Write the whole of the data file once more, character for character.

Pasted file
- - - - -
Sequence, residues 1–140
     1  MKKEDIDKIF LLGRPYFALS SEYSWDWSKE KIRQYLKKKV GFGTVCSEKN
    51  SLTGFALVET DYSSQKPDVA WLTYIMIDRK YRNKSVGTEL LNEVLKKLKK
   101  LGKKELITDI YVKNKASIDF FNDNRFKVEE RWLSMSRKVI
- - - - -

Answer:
Sequence, residues 1–140
     1  MKKEDIDKIF LLGRPYFALS SEYSWDWSKE KIRQYLKKKV GFGTVCSEKN
    51  SLTGFALVET DYSSQKPDVA WLTYIMIDRK YRNKSVGTEL LNEVLKKLKK
   101  LGKKELITDI YVKNKASIDF FNDNRFKVEE RWLSMSRKVI